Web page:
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HR Roles and Scopes That Are Here To Stay

Although there are new roles and scopes in today’s HR dynamics, conventional and traditional ones are here to stay. After all, it is the business environment that adds more and more demand without eliminating basic and common duties that have existed long before.

  • HR Coordinator

A true administrative position. An HR coordinator has responsibility for filing, maintaining reports, processing payroll and typically the scheduling of interviews. HR Coordinator might plan and organize events, develop email content for newsletters and other inter-office communication within the department and the company. Their roles are focused on administration providing a valuable service to the organization in maintaining order and a system for everything. They are hourly non-exempt workers.

  • HR Specialist

This position typically requires 1-3 years of HR experience and is still focused on administration, payroll processing and other administrative tasks. HR specialists can gain additional experience working on speciality projects, employee orientation, training, and pre-screen interviewing. HR Specialists have a basic understanding of some employment law and serve as a go-t0 resource for employees and managers alike.

  • HR Managers

HR managers may or may not oversee and supervise staff or employees. They serve a generalist role, where they often do a bit of everything including benefits, compensation, recruiting and handling employee relations issues each and every day. The responsibilities in this role are very wide, ranging from location forecasting, budgeting, recruiting and interviewing to compliance, employee investigations and claims. HR Managers sometimes process payroll but are less administrative than coordinator or specialist roles. Often they are cross-trained in administrative tasks for emergencies.

  • HR Directors

Often responsible for 2 HR teams or more, human resource directors oversee a region, a number of locations or serve as the highest ranking member of HR within the company. HR directors are also responsible for building annual budgets and oftentimes have decision making when it comes to buying software, systems and negotiating benefits offerings for the company. Less likely to be a department of one than the HR Manager, their responsibilities involve less compliance and policy and more focused on building relationships with executive team members and driving results for the organization focused on human capital and company.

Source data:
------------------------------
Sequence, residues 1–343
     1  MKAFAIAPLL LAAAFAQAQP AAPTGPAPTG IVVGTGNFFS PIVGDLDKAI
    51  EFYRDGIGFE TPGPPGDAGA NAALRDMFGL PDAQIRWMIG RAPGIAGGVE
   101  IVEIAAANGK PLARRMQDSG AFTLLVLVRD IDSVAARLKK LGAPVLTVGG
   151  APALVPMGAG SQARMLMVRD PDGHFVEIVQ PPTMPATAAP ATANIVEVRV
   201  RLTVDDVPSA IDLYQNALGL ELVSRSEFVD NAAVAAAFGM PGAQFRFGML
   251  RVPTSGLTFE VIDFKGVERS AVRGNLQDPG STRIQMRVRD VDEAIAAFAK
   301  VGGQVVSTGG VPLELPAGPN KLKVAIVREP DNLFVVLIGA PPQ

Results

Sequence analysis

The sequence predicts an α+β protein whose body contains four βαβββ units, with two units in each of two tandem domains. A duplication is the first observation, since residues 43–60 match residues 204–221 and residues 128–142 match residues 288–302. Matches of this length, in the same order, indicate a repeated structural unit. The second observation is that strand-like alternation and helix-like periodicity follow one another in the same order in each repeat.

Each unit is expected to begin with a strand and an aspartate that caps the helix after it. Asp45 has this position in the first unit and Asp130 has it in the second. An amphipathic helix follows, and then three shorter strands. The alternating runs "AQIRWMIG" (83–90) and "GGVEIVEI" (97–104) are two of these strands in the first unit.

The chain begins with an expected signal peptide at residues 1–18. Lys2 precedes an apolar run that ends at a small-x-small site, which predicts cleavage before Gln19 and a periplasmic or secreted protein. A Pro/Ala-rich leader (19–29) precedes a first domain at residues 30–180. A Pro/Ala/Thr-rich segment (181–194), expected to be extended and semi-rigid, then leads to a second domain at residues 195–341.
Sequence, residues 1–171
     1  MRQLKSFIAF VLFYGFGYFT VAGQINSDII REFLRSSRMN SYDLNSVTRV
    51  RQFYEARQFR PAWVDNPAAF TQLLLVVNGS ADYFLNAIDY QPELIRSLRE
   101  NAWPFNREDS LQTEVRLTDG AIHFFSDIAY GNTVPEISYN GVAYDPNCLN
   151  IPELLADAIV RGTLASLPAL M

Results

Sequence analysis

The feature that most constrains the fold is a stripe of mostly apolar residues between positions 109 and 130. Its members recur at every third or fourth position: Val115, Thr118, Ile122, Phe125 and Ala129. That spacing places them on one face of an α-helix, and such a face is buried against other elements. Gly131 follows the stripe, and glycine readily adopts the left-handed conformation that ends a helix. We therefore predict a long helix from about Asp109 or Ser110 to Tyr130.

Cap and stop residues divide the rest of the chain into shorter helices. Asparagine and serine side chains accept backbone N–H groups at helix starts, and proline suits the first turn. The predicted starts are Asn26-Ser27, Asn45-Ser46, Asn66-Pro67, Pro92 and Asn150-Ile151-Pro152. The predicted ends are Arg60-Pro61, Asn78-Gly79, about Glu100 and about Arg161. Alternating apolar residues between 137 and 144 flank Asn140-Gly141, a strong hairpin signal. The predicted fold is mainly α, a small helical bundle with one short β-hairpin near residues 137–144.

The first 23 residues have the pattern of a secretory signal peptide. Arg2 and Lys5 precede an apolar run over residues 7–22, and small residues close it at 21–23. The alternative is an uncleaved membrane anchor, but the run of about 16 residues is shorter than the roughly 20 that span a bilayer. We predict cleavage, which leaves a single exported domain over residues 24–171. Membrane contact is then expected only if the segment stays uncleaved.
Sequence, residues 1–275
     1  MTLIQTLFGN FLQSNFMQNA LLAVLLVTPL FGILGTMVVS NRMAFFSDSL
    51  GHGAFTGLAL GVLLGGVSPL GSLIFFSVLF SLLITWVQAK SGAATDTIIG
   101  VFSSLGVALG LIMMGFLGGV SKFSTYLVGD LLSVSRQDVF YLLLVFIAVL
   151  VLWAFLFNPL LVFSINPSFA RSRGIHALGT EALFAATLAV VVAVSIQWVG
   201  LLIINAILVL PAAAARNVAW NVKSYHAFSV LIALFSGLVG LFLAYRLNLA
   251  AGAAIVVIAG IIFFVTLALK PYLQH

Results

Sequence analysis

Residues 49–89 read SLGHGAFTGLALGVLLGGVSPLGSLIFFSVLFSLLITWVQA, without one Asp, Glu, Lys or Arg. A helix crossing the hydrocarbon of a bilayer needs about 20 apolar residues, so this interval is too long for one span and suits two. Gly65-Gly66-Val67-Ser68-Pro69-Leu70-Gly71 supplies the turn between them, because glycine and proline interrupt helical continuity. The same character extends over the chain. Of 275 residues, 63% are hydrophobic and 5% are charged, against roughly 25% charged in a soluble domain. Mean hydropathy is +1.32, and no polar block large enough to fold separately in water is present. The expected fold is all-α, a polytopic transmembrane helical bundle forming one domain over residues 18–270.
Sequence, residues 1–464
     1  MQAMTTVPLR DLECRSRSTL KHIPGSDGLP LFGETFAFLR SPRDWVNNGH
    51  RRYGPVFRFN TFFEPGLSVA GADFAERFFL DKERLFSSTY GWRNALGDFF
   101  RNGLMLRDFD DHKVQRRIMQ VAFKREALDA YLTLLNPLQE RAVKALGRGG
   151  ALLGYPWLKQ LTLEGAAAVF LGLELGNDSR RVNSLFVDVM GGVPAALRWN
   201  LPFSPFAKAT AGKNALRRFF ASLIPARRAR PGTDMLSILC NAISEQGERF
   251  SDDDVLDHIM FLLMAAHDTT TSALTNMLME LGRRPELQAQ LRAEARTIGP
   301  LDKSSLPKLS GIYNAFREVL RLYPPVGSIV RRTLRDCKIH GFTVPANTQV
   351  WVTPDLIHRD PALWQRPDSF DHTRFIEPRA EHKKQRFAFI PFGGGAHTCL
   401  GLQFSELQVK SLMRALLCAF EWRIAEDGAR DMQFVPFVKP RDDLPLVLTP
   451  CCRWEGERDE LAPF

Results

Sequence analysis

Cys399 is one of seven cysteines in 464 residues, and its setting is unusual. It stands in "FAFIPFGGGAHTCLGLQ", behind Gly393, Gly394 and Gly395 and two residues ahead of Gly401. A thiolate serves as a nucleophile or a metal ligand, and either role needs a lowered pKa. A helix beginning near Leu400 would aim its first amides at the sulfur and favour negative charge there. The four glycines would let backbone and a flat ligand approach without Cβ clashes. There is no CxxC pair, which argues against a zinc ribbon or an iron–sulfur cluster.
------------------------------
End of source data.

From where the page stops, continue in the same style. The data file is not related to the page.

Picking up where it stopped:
• VP of HR

Depending on organisational size, the vice-president of HR often reports directly to the CEO or COO of an organisation, although sometimes the chief human resource officer (CHRO) has this distinction. Depending on the structure and size of the organisation, the VP of HR works with the executive team to discuss business objectives. They review financial documents and work to understand how the focused programs and services they offer the organisation drive revenue.

The VP of HR works to integrate people into the full scope of business operations, evaluating how the impact of human capital benefits the overall organisation. This position is heavily focused on business metrics, reporting and analytics directly in contrast to the administrative roots of the industry. They are often a key decision maker in companies.

Successful companies are becoming more adaptable, resilient, fast to take evasive action, and customer-focused. If your company’s HR department is not reforming to align with forward-thinking principles, top management must raise critical questions to HR executives. Companies nowadays simply cannot afford to have an HR department that does not contribute to leading current thinking and increasing business profitability.